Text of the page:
It makes that difficult and out of control.

There is a pattern make + object + adjective that I'm aware of, but I cannot understand how out of control is adjective.

Does out of control function as an adjective or adverb? I think out here is an adverb not a preposition, so, if I’m not mistaken, it is not a prepositional phrase.

  • 1
    The idiomatic preposition phrase "out of control" can't be used predicatively, as in your example. "Make" is used here as a complex-intransitive verb ("cause to be") and it resists PPs like "out of control" as PC. Thus "It makes that out of control" is borderline at best. The adjective "difficult" is fine, though. – BillJ Jul 10 '18 at 17:51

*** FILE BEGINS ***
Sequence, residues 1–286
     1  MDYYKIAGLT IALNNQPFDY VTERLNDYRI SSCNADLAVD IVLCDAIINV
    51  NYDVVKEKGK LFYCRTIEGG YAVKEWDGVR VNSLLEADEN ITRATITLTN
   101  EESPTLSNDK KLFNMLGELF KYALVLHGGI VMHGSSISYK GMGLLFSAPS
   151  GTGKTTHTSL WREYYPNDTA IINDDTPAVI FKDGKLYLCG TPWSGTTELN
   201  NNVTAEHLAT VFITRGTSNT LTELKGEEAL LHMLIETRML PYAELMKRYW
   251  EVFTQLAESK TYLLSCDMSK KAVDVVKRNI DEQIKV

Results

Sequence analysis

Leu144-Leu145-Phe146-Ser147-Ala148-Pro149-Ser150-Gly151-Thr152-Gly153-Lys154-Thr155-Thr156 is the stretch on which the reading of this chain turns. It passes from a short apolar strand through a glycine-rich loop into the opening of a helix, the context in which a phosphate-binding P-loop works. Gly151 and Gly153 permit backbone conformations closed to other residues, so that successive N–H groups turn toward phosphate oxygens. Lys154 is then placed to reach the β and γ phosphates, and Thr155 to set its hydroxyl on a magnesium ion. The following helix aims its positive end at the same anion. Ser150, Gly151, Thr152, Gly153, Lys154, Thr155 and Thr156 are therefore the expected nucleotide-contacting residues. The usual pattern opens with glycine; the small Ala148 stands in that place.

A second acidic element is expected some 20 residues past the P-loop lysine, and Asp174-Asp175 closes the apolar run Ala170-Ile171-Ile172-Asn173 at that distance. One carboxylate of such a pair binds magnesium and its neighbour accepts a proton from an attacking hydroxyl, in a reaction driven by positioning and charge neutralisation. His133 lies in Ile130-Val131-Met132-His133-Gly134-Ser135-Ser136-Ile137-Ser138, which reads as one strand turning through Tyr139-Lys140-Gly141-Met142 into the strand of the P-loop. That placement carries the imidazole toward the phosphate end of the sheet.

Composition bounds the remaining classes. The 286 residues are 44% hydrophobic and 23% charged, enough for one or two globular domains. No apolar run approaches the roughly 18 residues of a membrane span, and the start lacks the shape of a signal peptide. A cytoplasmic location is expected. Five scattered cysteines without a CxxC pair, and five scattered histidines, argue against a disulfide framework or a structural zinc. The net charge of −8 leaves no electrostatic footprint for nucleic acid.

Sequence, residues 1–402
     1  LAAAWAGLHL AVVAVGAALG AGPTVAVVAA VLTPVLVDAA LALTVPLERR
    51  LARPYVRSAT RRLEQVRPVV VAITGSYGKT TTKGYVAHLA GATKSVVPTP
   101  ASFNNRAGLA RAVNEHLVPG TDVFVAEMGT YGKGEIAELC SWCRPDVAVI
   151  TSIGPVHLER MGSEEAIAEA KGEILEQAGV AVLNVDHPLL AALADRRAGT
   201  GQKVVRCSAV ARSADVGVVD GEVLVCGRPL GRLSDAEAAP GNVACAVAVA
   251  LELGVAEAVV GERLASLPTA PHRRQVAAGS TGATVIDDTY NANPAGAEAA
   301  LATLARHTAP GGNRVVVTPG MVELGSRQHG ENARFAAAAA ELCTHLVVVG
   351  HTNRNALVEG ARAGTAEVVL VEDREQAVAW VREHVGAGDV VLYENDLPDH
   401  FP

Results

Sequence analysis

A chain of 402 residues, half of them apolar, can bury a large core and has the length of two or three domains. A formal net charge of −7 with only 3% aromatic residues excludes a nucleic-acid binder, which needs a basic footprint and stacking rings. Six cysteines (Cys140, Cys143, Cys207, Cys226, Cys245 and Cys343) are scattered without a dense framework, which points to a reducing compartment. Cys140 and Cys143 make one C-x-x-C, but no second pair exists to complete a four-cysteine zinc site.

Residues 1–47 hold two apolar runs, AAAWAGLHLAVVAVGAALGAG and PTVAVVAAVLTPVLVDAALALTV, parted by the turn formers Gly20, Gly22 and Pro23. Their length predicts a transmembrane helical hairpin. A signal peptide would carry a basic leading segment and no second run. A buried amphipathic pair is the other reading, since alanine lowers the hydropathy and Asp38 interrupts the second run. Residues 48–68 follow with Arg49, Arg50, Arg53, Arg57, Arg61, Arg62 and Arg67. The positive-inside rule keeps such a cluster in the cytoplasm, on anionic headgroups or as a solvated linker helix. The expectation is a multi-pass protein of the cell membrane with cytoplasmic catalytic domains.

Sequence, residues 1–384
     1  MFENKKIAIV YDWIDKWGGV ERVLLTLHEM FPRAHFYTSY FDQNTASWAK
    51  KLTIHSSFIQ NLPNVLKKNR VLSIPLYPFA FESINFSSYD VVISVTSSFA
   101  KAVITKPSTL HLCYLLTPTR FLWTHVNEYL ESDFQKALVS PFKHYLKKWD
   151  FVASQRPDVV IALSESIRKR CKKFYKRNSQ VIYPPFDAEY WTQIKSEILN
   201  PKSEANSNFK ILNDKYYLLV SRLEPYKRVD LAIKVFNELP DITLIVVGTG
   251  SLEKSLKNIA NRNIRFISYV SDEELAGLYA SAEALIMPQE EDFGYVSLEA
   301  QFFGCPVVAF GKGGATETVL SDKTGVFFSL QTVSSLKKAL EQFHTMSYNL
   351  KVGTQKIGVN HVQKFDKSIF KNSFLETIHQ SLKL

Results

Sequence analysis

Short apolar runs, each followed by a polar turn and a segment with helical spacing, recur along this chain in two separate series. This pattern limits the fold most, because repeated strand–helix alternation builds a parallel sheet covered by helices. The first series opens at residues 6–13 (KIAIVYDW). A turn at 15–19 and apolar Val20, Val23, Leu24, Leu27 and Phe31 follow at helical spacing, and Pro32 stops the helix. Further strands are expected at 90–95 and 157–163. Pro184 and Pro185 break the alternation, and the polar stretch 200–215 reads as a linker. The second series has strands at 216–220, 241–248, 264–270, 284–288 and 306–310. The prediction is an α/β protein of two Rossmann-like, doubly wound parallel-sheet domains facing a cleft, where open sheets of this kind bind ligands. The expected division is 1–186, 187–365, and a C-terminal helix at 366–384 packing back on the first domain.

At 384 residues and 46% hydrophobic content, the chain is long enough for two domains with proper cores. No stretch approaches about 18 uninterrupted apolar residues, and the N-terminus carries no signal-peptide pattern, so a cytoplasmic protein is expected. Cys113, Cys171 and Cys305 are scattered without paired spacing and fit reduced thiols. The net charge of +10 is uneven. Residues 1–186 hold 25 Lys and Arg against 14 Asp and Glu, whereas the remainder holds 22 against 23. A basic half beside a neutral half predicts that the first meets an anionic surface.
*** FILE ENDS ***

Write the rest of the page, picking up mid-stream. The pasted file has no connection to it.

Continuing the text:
"Out of control" as a phrase is grammatically identical to "out of bounds" or "out of the question"; all of them mean that the subject lies outside the scope of something, so "out" is a preposition.

Therefore, "out of control" is an adjectival phrase, grammatically similar to "uncontrolled" (i.e., the opposite of "controlled," which is an adjective).

  • ^ for "adjectival phrase" – Jas. MacOisdealbha Jul 10 '18 at 15:08
  • @Jas.MacOisdealbha "Out of control" is actually an idiomatic PP (preposition phrase) headed by the preposition "out". But it's ungrammatical with this use of "make" ("cause to be"). – BillJ Jul 10 '18 at 17:54
  • @BillJ yeah, that too =) – Jas. MacOisdealbha Jul 10 '18 at 18:16

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